Under the ID Theft Red Flags Rule, financial institutions and creditors must develop a written program that identifies and detects the relevant warning signs - or "red flags" - of identity theft. These may include, for example, unusual account activity, fraud alerts on a consumer report, or attempted use of suspicious account application documents. The program must also describe appropriate responses that would prevent and mitigate the crime and detail a plan to update the program. The program must be managed by the Board of Directors or senior employees of the financial institution or creditor, include appropriate staff training, and provide for oversight of any third-party service providers.

Designing and putting in place a program that is appropriate to a creditor's size and complexity and nature of its business can be helped through the guidelines issued by the FTC and the federal banking agencies. (See related story: ID Theft Red Flags Rule: How to Help Your Business Customers Comply.)

While the FTC will not examine individual businesses for compliance, those identified as holding creditor status must be prepared to demonstrate a written program.

No Reprieve for Banks
For financial institutions overseen by federal banking regulators, the compliance deadline still remains Nov. 1, and includes state-chartered banks that are also overseen by the FDIC or the Federal Reserve Board, according to Kevin Mukri, spokesperson for the Office of the Comptroller of the Currency (OCC).

William Henley, Director of IT Risk Management at the Office of Thrift Supervision (OTS), says there's no extension in site for his agency's institutions, either. "We've been pretty open and up front about the compliance date," Henley says. "The message we've (OTS, OCC, FDIC and FRB) been saying is November 1st means November 1st, and that we expect financial institutions to be compliant by that date."

There also won't be much wiggle room for those institutions that haven't got a program fully in place, he adds. "If an institution just started working on their program on October 20, then they're not going to be viewed as very favorably as, say, the institution that began work on it last year, and for whatever reason wasn't able to come to full compliance. Maybe they were extremely reliant on a vendor to deliver part of their program -- hey will be looked upon more favorably than the one that put it off until the last minute."

Those that are showing due diligence in meeting compliance will be treated differently than "the institution that just had its head in the sand until the last moment," Henley notes.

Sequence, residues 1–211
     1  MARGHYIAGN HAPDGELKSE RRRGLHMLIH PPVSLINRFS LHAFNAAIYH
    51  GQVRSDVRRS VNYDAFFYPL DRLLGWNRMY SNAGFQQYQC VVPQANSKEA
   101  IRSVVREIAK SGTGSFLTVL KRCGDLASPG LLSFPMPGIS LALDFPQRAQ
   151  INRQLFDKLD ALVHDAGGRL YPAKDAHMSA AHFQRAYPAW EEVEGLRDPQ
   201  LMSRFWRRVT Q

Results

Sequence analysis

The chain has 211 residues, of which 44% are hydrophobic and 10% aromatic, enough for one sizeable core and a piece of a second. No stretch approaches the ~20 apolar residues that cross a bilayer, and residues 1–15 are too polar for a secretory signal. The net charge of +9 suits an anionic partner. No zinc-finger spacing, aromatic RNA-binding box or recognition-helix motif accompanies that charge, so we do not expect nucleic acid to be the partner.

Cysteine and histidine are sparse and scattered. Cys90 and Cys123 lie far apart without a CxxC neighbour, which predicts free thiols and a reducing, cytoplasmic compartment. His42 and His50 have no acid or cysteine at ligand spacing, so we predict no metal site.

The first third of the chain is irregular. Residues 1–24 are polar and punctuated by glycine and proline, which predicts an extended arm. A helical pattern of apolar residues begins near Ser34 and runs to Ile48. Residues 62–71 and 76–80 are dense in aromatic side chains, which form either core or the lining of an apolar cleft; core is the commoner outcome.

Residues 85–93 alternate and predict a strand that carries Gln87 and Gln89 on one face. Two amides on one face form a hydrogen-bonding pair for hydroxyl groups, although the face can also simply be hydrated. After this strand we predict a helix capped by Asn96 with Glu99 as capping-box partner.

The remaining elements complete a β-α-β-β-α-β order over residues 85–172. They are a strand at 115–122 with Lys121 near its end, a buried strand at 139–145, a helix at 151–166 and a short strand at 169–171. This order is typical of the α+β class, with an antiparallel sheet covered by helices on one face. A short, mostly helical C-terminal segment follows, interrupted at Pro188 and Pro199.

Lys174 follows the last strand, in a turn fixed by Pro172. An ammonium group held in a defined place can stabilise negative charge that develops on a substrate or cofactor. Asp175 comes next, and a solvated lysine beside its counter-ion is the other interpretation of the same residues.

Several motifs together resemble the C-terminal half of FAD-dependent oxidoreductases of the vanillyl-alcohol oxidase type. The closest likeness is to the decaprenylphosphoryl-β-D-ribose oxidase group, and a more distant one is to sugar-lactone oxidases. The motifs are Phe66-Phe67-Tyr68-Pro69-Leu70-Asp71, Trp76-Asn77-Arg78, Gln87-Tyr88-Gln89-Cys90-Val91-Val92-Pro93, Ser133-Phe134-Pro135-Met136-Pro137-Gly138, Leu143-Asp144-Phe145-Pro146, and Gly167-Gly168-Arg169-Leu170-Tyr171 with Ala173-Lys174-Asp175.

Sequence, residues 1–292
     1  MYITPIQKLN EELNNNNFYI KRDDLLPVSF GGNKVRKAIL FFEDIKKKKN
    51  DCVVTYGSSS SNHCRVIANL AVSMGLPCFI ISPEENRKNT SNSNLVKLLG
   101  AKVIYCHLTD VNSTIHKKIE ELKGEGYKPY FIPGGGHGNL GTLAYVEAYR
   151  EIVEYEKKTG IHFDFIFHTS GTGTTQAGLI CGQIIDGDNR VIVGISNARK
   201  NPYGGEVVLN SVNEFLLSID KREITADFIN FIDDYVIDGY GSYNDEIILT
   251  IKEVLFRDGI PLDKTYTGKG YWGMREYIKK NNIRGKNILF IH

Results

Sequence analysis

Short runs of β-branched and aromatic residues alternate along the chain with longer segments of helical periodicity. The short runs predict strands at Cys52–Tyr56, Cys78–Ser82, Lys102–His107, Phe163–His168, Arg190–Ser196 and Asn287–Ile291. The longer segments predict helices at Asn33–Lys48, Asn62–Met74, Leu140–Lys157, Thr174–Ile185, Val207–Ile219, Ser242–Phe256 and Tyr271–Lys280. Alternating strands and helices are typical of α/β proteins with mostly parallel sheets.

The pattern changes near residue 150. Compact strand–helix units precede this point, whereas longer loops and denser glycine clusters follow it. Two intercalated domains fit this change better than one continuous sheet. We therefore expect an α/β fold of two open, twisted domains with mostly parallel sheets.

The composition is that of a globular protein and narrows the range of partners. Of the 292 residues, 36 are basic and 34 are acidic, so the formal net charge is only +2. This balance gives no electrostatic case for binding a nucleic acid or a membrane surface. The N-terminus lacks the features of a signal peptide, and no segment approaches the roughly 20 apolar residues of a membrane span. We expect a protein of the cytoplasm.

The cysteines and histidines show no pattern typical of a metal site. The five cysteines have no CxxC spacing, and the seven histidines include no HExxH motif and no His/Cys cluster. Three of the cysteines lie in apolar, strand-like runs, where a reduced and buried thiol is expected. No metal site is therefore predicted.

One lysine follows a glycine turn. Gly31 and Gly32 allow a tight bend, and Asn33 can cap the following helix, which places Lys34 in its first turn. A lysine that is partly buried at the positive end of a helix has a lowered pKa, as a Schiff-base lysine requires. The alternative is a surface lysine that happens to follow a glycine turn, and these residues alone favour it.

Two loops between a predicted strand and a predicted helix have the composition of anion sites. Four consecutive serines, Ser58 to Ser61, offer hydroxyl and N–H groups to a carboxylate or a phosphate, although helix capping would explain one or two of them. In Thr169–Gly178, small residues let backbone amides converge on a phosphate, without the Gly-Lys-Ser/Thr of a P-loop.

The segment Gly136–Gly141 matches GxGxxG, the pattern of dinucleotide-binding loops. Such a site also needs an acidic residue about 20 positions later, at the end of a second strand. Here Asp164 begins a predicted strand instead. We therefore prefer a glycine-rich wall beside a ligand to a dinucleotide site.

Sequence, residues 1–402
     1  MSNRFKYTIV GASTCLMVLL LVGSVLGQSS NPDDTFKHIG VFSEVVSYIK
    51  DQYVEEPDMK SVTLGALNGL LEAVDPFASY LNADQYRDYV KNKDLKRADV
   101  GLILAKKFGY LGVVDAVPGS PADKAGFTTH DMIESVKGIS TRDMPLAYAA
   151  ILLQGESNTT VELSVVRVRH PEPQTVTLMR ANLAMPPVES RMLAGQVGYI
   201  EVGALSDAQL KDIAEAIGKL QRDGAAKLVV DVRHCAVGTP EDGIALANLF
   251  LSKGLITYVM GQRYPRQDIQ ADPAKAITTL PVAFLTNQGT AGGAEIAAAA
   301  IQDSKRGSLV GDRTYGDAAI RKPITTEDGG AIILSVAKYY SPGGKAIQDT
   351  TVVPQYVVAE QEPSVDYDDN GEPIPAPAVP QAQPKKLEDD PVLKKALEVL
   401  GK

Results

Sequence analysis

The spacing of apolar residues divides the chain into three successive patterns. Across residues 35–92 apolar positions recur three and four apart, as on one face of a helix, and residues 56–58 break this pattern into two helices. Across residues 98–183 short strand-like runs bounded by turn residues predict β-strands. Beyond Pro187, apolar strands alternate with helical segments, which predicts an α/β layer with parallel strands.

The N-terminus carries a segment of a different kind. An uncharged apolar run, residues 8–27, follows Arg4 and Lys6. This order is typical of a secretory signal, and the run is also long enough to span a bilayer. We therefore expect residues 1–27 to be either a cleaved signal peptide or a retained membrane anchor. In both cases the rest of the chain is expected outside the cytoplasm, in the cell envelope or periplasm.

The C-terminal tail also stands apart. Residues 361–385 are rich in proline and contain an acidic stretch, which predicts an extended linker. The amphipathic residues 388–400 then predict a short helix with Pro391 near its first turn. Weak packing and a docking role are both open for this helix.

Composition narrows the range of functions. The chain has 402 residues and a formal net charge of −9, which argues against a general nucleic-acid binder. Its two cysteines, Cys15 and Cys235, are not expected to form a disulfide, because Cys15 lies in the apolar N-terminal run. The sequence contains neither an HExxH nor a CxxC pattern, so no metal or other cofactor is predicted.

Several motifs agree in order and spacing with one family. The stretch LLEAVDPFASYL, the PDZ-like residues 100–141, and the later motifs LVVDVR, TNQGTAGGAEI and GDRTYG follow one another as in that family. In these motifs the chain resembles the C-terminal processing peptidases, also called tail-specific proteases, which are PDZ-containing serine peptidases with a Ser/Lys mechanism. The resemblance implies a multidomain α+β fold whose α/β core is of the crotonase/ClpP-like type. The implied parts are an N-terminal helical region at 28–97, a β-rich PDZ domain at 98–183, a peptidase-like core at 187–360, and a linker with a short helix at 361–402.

There will be some thresholds that examiners will have to look for, such as a board-approved program. "Regardless of when an examiner goes into examine the institution, whether it is October 29 or November 1, that should be able to look at the board minutes between October 2007 and October 31, 2008 and see that at some point a committee or the board had approved a comprehensive program," Henley observes.

Henley's advice to those institutions that haven't done work on the ID Theft Red Flags? "If they haven't done it, well, I don't know what to say, but at this point those institutions that aren't ready should be braced for having some criticisms in their report of examination."


About the Author

Linda McGlasson

Linda McGlasson

Managing Editor

Linda McGlasson is a seasoned writer and editor with 20 years of experience in writing for corporations, business publications and newspapers. She has worked in the Financial Services industry for more than 12 years. Most recently Linda headed information security awareness and training and the Computer Incident Response Team for Securities Industry Automation Corporation (SIAC), a subsidiary of the NYSE Group (NYX). As part of her role she developed infosec policy, developed new awareness testing and led the company's incident response team. In the last two years she's been involved with the Financial Services Information Sharing Analysis Center (FS-ISAC), editing its quarterly member newsletter and identifying speakers for member meetings.